Mark Antony forced the second battle right after receiving the message that his fleet of supply ships had been destroyed in the Adriatic. Antony and Octavian knew that the winter would bring starvation. Had Brutus known about the destruction of those ships, he most likely would have been able to convince his near mutinous army not to fight and instead put the enemy army under a siege. Because of Antony’s swift action, he didn’t find out in time and the battle was engaged. Brutus was no match as battle commander against Mark Antony, who later came to be known as the ‘hero of Philippi’.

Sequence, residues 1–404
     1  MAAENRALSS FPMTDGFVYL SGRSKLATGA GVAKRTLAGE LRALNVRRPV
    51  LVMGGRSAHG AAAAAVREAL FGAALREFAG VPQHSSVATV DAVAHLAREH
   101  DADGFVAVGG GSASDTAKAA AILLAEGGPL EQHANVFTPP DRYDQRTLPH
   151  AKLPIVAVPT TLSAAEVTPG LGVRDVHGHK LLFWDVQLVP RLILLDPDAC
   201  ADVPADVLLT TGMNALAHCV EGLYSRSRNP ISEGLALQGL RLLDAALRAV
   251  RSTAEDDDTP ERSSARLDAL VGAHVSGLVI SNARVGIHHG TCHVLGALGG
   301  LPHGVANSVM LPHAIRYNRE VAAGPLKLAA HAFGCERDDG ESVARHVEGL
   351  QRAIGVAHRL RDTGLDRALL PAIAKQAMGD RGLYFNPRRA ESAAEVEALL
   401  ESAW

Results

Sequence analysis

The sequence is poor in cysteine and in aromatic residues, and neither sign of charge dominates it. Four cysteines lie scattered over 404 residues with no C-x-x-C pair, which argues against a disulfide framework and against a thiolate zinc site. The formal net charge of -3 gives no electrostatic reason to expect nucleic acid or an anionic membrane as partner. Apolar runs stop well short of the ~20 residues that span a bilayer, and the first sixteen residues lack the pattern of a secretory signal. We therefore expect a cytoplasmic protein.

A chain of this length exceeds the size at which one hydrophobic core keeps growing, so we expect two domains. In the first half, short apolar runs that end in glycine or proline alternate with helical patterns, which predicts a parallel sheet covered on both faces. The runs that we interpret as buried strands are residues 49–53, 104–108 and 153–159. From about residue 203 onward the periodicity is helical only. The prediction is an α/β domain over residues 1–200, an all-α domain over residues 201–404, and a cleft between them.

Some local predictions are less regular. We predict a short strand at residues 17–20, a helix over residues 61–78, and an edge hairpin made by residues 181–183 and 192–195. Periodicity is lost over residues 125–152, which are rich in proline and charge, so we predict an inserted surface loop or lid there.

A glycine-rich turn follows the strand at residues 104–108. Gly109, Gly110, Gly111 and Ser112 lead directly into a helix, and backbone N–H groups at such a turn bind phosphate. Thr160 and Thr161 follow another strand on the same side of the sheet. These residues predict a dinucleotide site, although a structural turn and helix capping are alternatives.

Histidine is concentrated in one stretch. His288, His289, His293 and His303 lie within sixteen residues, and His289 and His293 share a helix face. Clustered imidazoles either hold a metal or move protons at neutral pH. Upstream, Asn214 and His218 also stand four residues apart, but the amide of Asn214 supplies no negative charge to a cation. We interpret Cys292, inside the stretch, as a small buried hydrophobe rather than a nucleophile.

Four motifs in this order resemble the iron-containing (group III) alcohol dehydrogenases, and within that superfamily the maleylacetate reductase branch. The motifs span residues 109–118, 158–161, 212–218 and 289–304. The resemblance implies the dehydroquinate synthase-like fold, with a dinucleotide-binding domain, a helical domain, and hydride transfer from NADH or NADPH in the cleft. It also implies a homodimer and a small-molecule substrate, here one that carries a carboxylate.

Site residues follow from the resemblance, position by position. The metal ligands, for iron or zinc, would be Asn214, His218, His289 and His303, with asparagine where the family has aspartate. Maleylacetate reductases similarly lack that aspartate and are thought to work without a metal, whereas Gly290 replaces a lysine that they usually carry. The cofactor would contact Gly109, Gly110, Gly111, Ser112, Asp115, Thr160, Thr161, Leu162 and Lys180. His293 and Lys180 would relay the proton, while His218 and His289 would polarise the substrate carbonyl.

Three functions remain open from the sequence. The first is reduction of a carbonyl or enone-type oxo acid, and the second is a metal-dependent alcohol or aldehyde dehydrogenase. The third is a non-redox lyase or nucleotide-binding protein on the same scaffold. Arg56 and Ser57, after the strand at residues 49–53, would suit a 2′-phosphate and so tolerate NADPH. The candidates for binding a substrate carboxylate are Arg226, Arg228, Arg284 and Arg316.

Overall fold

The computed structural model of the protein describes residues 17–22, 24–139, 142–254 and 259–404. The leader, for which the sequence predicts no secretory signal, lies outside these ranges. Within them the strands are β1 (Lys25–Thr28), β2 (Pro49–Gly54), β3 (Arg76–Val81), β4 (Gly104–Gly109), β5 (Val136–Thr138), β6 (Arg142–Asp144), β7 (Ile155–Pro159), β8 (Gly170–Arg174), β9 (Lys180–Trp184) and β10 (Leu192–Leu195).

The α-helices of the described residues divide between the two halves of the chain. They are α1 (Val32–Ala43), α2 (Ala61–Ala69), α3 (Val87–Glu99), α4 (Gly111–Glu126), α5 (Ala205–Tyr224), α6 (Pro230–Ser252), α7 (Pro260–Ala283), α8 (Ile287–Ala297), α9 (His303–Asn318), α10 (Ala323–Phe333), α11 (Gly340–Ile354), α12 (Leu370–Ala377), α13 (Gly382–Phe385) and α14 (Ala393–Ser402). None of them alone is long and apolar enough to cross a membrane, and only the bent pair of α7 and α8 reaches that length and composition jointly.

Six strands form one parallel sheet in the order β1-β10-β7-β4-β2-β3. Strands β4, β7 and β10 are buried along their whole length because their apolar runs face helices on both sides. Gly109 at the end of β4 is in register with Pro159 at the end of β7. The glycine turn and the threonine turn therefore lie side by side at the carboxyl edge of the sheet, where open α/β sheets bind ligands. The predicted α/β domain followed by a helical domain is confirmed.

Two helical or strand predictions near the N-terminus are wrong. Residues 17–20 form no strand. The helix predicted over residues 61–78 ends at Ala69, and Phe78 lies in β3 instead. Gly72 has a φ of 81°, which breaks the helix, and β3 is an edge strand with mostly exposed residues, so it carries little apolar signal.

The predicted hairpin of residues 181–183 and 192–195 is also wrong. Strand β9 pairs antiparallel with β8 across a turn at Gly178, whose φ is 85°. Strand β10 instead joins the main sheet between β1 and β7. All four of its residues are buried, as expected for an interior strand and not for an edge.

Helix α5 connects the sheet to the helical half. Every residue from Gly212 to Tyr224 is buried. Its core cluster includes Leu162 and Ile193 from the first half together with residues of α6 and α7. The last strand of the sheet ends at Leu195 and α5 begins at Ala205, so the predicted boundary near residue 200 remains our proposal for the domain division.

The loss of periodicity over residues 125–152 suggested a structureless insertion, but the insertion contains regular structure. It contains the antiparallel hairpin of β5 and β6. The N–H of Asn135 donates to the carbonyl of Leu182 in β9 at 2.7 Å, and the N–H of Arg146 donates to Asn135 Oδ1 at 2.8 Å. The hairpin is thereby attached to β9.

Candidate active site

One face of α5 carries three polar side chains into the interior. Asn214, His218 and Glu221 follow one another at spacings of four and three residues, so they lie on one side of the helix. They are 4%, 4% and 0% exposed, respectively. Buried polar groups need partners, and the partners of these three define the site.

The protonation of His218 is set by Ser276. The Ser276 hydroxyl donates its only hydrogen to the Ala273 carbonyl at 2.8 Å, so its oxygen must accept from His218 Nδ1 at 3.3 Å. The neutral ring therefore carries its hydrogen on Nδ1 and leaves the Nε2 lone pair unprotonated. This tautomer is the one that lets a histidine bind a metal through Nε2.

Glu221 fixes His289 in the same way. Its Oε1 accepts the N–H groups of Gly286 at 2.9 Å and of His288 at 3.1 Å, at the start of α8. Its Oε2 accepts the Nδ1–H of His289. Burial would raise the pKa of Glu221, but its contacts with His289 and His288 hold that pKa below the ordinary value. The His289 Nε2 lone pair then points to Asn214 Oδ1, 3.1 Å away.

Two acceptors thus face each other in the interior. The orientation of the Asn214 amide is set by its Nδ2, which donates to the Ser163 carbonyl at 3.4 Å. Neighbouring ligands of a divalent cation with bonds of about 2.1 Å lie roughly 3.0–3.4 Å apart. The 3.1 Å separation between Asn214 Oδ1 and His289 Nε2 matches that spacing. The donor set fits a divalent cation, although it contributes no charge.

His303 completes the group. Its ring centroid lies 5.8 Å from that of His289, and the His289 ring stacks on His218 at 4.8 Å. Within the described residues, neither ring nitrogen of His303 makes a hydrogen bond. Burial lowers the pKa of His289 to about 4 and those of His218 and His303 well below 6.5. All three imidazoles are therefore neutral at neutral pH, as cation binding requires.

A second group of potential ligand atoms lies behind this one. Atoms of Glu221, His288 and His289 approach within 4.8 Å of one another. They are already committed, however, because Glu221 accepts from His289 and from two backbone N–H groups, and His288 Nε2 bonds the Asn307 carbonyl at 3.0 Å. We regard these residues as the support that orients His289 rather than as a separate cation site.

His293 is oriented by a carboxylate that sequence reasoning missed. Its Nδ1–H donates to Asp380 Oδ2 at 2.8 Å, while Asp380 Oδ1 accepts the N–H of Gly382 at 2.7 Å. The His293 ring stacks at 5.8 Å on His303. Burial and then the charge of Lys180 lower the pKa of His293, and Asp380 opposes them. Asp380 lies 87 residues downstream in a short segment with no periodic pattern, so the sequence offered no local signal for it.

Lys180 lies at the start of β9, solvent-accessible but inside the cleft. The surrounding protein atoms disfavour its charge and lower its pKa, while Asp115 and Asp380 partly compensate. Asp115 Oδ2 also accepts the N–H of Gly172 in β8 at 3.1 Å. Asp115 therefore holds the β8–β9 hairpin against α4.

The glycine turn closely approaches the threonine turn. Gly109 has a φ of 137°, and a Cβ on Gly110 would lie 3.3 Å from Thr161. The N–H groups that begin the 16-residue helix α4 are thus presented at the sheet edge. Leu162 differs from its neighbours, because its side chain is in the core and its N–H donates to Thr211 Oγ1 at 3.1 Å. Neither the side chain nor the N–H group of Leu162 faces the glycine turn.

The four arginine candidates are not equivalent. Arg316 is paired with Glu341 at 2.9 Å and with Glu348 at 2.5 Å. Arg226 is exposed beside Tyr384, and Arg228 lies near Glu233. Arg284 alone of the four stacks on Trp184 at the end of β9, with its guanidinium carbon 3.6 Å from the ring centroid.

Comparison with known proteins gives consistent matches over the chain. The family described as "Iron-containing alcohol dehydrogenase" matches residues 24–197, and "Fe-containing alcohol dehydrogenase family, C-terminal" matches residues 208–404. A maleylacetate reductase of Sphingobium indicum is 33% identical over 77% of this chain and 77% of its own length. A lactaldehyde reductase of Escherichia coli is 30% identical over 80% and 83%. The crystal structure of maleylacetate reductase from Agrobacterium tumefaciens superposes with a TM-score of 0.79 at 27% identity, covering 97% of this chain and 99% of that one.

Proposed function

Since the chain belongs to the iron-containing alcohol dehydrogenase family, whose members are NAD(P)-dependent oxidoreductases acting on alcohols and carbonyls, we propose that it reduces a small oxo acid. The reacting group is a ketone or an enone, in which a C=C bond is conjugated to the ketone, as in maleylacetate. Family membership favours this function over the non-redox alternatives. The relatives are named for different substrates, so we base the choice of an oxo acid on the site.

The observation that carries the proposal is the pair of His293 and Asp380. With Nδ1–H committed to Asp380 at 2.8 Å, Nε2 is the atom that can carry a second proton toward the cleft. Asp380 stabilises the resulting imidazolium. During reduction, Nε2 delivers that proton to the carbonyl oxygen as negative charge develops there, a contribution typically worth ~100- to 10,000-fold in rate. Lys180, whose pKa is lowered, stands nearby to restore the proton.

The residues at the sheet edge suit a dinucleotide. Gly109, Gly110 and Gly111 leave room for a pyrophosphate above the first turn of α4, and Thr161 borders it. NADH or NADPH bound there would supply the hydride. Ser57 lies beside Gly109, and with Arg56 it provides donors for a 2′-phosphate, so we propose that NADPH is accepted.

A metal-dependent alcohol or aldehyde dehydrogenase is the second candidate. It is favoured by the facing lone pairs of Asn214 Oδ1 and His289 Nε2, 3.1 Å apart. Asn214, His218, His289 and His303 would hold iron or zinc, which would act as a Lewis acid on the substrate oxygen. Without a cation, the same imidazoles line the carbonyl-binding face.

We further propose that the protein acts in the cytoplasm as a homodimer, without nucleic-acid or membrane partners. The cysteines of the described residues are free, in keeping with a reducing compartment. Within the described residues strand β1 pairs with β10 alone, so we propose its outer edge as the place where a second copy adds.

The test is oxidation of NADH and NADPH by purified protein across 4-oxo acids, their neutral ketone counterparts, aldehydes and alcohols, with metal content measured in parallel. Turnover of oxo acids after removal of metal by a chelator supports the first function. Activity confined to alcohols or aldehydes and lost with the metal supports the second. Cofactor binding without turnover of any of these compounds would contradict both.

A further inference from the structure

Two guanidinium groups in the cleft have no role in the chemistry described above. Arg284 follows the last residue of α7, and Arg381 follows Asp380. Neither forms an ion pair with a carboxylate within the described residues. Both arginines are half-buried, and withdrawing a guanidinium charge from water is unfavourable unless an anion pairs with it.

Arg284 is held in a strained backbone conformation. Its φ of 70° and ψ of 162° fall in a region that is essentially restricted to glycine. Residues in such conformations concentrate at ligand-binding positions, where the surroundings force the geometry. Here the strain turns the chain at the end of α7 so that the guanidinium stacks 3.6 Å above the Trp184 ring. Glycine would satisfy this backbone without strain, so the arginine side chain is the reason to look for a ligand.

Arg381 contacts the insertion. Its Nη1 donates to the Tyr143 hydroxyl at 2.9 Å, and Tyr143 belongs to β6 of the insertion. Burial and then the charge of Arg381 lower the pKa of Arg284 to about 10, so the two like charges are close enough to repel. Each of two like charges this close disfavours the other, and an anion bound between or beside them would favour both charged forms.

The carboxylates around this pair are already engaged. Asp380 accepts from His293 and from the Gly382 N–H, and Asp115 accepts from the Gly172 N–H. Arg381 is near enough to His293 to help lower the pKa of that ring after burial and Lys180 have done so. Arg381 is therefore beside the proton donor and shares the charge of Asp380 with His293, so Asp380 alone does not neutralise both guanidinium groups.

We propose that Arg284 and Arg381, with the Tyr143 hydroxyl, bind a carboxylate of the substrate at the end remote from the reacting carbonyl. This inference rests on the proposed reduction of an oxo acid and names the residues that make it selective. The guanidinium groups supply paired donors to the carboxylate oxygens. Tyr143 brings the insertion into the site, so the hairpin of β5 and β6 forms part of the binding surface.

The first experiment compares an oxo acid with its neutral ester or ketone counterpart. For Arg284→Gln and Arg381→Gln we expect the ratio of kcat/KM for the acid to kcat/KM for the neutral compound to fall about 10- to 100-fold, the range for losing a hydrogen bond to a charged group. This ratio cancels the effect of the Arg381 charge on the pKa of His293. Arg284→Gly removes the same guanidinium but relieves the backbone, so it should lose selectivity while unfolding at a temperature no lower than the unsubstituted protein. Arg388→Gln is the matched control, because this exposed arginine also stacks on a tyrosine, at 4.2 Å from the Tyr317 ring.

This battle changed the course of Ancient Roman history. Now that Brutus and Cassius were gone there was no longer any major opposition to the Caesarians, Antony and Octavian. They divided up the Republic, with Antony taking the Eastern territories and Gaul (current France) and Octavian taking Italy and all points west including Spain. Antony had the easier task. It was left to Octavian to make the arrangements for getting the large number of veteran soldiers who fought at Philippi settled on land and farms.